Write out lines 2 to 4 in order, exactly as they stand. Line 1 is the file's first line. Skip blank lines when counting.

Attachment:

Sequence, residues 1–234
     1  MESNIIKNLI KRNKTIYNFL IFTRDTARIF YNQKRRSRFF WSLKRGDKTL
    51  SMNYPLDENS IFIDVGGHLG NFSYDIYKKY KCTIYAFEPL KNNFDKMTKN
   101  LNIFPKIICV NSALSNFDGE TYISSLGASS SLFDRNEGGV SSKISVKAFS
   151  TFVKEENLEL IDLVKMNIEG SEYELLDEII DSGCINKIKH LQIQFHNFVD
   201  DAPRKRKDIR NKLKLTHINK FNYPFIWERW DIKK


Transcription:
     1  MESNIIKNLI KRNKTIYNFL IFTRDTARIF YNQKRRSRFF WSLKRGDKTL
    51  SMNYPLDENS IFIDVGGHLG NFSYDIYKKY KCTIYAFEPL KNNFDKMTKN
   101  LNIFPKIICV NSALSNFDGE TYISSLGASS SLFDRNEGGV SSKISVKAFS